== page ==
The Fair Labor Standards Act () requires employers to pay hourly employees time-and-a-half for every hour worked in excess of 40 hours per week. But are paid the same salary no matter how many hours they work. Thus, many employers assume they don’t need to keep track of the hours exempt employees actually work.
Wrong! Since it’s conceivable that employees could contest their exempt status, you should track all hours worked by all employees.
If you made an error and an employee is later found to be nonexempt, you’ll have to figure out how much back pay you owe. If you don’t know how many hours the employee worked, you’re stuck with his or her (likely inflated) figures.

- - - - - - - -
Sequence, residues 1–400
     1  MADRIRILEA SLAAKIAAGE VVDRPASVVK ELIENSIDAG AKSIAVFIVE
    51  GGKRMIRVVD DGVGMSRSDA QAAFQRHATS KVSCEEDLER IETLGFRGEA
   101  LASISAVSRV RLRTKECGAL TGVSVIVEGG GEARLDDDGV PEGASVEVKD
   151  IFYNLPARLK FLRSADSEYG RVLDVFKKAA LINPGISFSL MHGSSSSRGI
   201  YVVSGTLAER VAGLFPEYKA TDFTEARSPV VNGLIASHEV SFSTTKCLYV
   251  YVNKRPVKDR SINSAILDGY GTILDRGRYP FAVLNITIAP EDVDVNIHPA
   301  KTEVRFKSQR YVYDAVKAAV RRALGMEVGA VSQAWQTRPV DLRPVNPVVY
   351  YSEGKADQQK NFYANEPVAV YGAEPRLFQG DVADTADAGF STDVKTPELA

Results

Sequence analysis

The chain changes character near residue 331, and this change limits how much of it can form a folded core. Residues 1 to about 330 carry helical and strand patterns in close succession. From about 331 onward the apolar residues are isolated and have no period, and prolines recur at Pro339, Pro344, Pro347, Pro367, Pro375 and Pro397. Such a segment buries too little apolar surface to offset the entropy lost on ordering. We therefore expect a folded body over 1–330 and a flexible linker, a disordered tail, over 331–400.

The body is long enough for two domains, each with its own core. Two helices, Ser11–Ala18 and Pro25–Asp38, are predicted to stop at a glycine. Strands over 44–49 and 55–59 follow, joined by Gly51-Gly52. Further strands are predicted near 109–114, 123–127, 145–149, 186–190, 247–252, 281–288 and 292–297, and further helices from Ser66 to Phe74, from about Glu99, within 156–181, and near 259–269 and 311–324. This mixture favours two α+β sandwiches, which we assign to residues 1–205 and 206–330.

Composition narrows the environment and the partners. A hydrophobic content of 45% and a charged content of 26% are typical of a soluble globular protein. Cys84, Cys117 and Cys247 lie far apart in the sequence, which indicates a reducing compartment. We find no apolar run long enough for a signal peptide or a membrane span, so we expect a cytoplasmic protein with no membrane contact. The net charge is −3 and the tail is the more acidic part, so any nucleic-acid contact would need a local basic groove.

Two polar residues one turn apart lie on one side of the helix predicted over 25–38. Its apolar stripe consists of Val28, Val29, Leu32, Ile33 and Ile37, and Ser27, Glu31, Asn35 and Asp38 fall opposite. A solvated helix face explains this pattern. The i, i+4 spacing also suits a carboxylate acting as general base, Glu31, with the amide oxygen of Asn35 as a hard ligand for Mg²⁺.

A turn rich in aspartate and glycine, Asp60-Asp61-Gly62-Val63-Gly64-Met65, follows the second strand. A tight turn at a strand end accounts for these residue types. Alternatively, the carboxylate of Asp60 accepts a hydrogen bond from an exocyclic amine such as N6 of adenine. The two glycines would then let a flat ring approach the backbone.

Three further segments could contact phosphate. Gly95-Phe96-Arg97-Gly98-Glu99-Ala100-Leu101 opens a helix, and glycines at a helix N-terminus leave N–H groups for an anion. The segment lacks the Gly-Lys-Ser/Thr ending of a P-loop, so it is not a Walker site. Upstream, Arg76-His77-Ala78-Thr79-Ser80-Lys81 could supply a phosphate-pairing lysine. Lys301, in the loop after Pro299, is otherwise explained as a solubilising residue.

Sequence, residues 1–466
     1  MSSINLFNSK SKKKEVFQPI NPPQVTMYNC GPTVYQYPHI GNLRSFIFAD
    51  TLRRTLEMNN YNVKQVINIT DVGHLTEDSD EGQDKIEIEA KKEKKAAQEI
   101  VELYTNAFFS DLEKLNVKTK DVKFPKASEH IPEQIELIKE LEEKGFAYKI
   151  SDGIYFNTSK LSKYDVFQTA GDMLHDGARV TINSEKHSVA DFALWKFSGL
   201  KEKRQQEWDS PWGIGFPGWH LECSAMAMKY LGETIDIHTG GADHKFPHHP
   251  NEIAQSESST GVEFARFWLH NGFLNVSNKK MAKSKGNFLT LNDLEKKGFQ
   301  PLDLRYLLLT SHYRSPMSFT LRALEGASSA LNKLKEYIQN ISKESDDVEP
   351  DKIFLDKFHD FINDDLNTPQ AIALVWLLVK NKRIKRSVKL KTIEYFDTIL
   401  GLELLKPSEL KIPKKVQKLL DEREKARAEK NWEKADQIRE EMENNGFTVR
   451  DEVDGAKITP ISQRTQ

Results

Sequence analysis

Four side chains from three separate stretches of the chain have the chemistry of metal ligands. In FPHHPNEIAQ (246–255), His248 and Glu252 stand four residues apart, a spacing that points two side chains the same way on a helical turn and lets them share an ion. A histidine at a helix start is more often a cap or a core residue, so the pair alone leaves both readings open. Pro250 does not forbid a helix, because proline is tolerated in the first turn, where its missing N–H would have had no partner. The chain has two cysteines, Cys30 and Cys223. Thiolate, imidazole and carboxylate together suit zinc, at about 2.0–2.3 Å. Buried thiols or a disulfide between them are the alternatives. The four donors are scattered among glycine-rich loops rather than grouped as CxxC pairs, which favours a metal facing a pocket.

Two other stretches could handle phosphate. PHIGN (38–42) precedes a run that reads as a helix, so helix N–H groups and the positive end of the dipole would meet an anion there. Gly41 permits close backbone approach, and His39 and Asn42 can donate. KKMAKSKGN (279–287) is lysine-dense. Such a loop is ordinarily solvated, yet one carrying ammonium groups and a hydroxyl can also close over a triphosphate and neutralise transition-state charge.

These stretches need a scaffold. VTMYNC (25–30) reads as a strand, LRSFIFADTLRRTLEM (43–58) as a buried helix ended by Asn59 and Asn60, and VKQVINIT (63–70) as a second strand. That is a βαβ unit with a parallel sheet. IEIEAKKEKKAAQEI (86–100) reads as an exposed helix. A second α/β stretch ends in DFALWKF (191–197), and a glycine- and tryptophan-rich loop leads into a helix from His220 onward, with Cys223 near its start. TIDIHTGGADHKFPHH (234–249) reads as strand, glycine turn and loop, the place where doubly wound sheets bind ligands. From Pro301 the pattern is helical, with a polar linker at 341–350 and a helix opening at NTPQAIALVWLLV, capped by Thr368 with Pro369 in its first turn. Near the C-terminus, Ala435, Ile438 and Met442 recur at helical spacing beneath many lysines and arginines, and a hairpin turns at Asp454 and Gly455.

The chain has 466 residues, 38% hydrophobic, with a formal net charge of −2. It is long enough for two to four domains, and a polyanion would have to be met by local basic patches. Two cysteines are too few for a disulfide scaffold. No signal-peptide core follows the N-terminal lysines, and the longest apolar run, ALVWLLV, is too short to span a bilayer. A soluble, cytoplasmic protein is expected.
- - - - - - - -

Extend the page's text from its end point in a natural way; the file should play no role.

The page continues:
Plus, the employee will want to calculate overtime based on salary divided by 40. If you have accurate figures, you can divide salary by the actual hours worked. The total tab will probably be less (see box below).
Recent case: Enrique Torres worked for Bacardi and claimed he was wrongly classified as exempt. He sued and the court said it would let a jury decide.
However, because Bacardi kept accurate records of its employees’ work hours, the court allowed the company to calculate what it owed in overtime by dividing Torres’ salary by the actual hours he worked per week rather than by 40. Then, for each week, the overtime due equaled half the hourly rate times the number of hours in excess of 40 worked that week. (Torres v. Bacardi Global Brands, No. 06-20689, SD FL, 2007)